Fredrikson et al. used the privacy leak of the computer vision classifier to expose the personal picture information from the training data. Thus, the problem of data privacy in machine learning is becoming more and more serious, especially for the privacy protection of training datasets. Once the data with sensitive information is maliciously attacked, it is most likely to be exploited by criminals. To guarantee the privacy protection of the training datasets, this paper first analyzes the possible privacy issues faced by the training datasets for smart edges in wireless big data scenario. There are a large number of personal edge nodes and business edge nodes in the smart edges, as shown in Fig. 1, and they own a certain ability to compute and process data. These nodes can make use of the edge cloud to make the network cooperate with the terminals, which can achieve the business localization processing, the service delay reduction, and the network efficiency promotion. As the most popular methods of data analysis, machine learning can efficiently analyze and mine valuable information hidden behind the wireless big data.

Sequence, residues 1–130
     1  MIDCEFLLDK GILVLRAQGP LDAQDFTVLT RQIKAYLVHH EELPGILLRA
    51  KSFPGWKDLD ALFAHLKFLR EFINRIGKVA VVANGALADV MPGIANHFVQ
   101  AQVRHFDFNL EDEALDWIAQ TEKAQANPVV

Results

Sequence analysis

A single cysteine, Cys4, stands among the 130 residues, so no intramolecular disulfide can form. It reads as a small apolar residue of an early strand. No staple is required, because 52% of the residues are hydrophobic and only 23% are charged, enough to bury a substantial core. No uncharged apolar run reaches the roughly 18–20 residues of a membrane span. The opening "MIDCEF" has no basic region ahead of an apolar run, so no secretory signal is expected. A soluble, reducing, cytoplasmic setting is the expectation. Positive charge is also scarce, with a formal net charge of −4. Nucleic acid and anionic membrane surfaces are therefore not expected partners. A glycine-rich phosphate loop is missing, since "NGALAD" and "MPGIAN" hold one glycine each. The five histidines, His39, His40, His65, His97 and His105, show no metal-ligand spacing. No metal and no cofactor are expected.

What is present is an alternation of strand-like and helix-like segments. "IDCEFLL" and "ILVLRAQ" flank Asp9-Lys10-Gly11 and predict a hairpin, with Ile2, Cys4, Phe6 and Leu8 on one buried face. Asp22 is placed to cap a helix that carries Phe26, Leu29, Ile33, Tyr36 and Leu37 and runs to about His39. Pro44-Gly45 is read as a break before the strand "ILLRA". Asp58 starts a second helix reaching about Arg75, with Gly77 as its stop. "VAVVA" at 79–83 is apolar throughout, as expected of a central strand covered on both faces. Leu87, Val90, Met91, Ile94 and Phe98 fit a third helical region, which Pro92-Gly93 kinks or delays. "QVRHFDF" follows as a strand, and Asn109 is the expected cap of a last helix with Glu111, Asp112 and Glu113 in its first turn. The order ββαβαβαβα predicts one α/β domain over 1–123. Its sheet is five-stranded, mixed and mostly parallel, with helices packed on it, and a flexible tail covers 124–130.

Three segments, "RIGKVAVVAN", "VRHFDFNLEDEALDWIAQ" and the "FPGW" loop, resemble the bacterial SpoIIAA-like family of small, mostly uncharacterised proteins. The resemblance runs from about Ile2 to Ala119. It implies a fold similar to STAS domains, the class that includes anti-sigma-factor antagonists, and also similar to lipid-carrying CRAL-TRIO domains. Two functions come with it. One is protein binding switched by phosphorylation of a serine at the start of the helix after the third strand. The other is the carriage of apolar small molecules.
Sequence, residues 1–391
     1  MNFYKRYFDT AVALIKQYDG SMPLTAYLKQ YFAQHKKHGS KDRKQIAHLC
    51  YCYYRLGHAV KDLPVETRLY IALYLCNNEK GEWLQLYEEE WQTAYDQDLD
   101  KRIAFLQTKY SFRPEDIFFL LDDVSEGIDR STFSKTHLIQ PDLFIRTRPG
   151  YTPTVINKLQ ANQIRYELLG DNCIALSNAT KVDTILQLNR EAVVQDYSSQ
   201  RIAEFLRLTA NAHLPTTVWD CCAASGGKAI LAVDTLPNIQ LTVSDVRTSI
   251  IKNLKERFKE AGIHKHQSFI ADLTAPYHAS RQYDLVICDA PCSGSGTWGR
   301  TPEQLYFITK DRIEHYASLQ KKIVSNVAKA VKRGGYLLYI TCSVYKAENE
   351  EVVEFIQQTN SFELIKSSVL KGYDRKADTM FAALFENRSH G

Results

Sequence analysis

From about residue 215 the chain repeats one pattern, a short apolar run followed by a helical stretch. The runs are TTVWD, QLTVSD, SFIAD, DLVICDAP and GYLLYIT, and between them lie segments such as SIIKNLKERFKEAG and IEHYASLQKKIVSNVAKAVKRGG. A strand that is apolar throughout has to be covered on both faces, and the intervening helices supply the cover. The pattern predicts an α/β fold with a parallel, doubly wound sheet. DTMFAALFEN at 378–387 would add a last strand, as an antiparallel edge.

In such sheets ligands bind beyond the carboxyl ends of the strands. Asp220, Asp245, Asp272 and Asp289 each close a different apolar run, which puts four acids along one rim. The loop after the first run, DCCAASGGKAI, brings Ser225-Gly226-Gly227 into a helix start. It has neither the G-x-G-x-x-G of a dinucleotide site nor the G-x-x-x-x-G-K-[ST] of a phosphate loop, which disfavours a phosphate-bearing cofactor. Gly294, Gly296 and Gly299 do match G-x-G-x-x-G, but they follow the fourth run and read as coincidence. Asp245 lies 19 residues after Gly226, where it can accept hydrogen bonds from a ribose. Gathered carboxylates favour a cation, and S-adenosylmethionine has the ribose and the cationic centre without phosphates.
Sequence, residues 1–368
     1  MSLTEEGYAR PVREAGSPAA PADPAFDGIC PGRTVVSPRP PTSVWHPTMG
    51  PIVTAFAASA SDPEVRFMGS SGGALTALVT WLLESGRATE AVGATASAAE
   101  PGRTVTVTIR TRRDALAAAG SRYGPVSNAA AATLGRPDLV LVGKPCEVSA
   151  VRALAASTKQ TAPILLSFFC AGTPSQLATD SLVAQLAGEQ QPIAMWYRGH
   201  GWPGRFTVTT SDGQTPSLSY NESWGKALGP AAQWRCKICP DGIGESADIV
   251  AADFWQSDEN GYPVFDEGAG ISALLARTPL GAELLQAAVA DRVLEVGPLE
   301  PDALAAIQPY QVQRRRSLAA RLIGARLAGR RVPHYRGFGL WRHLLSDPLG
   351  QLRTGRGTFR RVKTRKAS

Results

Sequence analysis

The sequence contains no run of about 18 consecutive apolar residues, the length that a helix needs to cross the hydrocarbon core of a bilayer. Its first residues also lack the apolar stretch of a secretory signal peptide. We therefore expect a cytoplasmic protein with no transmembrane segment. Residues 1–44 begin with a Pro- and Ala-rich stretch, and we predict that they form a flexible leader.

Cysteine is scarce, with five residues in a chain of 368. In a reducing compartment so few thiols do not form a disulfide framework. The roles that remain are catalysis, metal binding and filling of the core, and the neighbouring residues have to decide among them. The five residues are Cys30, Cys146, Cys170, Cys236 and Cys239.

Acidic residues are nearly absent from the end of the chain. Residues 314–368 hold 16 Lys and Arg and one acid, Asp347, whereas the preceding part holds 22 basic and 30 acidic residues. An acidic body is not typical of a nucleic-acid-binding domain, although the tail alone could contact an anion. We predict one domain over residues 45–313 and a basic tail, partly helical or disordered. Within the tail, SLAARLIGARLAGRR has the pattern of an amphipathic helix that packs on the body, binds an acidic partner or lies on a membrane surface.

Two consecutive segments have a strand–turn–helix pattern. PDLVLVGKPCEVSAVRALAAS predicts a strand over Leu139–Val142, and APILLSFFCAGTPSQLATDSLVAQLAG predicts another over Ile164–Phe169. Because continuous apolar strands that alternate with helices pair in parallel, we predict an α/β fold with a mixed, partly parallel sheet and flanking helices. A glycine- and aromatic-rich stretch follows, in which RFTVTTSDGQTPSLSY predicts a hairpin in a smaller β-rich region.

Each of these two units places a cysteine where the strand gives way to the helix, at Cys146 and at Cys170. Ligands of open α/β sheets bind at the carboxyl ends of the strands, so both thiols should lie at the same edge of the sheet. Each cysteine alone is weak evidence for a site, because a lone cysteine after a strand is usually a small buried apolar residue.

From the figure, we can see that smart edge nodes can analyze a variety of different wireless big data by using machine learning methods. For example, the analysts establish a machine learning model to analyze and predict the results of medical diagnosis, which is more conductive to the prediction and resolution of problems. Analysts can find out the common features of cancer patients by sorting out massive training datasets, thereby providing better help in diagnosing cancer. On the other hand, however, intruders may invade certain sensitive data individuals in datasets to achieve their ulterior motives. That is exactly the great challenge in privacy preserving at present: how to ensure that analysts are not likely to cause sensitive data leakage when analyzing data in machine learning model? Fortunately, differential privacy algorithm is a promising technology solution that can alleviate this tension. This approach allows analysts to perform benign aggregation.

    2. LITERATURE SURVEY

  1. Embracing Big Data with Compressive Sensing: A Green Approach In Industrial Wireless Networks

    Linghe Kong and Daqiang Zhang describe a new- generation industries heavily rely on big data to improve their efficiency. Such big data are commonly collected by